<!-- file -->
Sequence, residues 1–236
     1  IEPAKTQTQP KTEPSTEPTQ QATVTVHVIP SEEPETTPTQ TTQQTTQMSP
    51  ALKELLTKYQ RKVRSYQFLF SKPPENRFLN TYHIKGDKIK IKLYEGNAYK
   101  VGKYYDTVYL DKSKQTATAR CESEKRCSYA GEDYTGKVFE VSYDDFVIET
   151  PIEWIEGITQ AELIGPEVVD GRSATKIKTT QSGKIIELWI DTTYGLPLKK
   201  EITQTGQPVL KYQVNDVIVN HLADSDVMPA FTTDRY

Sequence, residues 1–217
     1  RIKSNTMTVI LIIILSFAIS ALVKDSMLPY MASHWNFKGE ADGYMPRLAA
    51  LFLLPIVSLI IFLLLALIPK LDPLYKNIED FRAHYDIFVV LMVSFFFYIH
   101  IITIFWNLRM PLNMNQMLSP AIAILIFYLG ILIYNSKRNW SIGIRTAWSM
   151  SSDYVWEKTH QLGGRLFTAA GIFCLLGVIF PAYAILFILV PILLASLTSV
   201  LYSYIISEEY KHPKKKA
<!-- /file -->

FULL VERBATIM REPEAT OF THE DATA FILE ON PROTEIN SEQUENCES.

Sequence, residues 1–236
     1  IEPAKTQTQP KTEPSTEPTQ QATVTVHVIP SEEPETTPTQ TTQQTTQMSP
    51  ALKELLTKYQ RKVRSYQFLF SKPPENRFLN TYHIKGDKIK IKLYEGNAYK
   101  VGKYYDTVYL DKSKQTATAR CESEKRCSYA GEDYTGKVFE VSYDDFVIET
   151  PIEWIEGITQ AELIGPEVVD GRSATKIKTT QSGKIIELWI DTTYGLPLKK
   201  EITQTGQPVL KYQVNDVIVN HLADSDVMPA FTTDRY

Sequence, residues 1–217
     1  RIKSNTMTVI LIIILSFAIS ALVKDSMLPY MASHWNFKGE ADGYMPRLAA
    51  LFLLPIVSLI IFLLLALIPK LDPLYKNIED FRAHYDIFVV LMVSFFFYIH
   101  IITIFWNLRM PLNMNQMLSP AIAILIFYLG ILIYNSKRNW SIGIRTAWSM
   151  SSDYVWEKTH QLGGRLFTAA GIFCLLGVIF PAYAILFILV PILLASLTSV
   201  LYSYIISEEY KHPKKKA